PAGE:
Common wheat (Triticum aestivum) might seem as boring as the sliced bread it is baked into. But genetically, it is vexingly complex. Its genome is about six ...

Guess which profession needs drinking coffee the most?
11/14/2012

Guess which profession needs drinking coffee the most?

11/07/2012

The Snyder is at the 2012 ASHG meeting this year with 15 abstracts. Go forth and talk some serious science.

ASGH2012 Fail
10/31/2012
ASGH2012 Fail

ASGH2012 Fail

#ASHG2012 : Encouraging cloning by putting multiple highly interesting talks I want to see in concurrent sessions. twitter.com/mjcgenetics/st…— Michael James Clark (@mjcgenetics) October 31, 2012

10/24/2012
Eric Lander dancing to Gangnam Style

Snyder lab: mind-blown by MIT's Eric Lander (genomics pioneer and visionary). During his intro to biology class, he performs Gangnam Style dance. Gangnam Style is a South Korean dance music that went viral through Youtube this year. Maybe Dr. Snyder will respond with another dance?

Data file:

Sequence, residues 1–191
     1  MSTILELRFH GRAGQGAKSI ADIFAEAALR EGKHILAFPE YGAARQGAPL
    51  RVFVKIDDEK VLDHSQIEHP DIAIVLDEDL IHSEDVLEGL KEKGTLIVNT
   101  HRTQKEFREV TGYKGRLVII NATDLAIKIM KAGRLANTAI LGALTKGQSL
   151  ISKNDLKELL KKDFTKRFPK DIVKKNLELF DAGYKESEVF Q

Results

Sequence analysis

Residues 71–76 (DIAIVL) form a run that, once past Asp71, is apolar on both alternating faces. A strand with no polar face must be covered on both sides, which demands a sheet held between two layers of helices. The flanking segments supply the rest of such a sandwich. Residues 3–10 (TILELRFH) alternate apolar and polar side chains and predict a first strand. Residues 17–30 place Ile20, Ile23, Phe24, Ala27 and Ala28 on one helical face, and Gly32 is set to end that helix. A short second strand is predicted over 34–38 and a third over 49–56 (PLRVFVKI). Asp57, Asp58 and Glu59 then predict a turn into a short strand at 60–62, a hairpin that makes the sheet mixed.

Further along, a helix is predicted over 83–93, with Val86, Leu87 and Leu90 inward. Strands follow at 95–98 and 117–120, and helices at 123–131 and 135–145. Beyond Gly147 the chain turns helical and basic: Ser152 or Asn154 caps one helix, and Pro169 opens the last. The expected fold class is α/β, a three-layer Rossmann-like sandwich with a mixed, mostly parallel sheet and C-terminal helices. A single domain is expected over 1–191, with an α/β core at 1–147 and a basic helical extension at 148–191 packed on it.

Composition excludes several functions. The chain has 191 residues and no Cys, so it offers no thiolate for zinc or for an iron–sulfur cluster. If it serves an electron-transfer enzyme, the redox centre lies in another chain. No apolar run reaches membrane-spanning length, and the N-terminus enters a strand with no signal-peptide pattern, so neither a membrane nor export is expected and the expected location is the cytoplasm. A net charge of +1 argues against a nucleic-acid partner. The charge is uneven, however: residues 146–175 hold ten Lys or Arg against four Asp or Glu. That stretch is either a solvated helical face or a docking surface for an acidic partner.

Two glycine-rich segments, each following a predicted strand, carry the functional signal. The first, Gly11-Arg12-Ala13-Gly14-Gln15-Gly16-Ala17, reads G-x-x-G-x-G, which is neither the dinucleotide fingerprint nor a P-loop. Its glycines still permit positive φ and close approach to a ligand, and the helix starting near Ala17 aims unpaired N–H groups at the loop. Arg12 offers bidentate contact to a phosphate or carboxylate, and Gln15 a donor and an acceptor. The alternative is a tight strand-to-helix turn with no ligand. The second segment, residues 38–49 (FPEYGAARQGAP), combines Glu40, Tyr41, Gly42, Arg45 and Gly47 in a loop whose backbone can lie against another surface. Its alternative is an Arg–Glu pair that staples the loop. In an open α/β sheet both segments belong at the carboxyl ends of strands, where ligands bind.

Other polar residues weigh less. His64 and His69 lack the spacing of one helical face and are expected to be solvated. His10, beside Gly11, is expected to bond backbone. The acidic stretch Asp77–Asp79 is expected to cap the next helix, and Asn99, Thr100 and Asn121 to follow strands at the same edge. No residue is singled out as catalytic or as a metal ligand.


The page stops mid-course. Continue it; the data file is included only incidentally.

Renowned geneticist and founder of the Human Genome Project dances to Gangnam Style during 7.012 lecture: Introductory Biology at Massachusetts Institute of ...

Misunderstood: Genetic tests and the people who don't understand them
10/22/2012
Misunderstood: Genetic tests and the people who don't understand them

Misunderstood: Genetic tests and the people who don't understand them